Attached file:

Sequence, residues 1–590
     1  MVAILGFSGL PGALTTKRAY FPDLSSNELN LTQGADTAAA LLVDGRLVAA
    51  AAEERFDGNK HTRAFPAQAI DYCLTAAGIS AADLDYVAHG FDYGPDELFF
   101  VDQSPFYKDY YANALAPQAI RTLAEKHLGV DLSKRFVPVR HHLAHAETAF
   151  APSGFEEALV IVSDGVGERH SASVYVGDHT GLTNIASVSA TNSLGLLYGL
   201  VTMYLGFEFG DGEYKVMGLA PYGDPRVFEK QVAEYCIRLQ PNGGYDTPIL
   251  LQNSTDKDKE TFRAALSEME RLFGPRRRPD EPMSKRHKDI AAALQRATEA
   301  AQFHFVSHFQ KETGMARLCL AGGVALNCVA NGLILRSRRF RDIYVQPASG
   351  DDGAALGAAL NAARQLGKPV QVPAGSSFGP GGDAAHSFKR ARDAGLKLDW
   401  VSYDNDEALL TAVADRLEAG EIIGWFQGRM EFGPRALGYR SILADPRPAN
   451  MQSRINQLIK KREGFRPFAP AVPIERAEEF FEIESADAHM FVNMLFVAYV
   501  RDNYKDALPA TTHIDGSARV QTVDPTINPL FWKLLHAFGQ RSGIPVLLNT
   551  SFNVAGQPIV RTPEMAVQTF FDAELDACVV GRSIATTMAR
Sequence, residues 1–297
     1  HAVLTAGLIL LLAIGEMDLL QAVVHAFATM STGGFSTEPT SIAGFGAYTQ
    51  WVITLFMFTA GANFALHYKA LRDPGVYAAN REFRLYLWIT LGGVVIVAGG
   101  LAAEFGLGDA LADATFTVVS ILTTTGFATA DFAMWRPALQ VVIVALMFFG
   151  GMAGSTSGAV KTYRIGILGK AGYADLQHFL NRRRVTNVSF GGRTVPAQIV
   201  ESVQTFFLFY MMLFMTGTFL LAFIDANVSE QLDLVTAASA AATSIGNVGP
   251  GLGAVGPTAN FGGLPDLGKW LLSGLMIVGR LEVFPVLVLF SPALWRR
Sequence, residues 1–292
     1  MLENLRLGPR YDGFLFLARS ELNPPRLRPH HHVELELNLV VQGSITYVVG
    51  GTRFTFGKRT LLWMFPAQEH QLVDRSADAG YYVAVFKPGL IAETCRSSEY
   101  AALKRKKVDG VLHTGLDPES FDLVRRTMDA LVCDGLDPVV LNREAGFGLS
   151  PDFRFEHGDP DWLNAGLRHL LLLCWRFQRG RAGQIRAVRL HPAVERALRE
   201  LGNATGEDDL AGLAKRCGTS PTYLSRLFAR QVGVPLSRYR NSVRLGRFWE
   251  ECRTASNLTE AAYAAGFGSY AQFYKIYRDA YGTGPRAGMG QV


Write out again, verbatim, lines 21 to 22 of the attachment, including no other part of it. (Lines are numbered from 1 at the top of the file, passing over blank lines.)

Sequence, residues 1–292
     1  MLENLRLGPR YDGFLFLARS ELNPPRLRPH HHVELELNLV VQGSITYVVG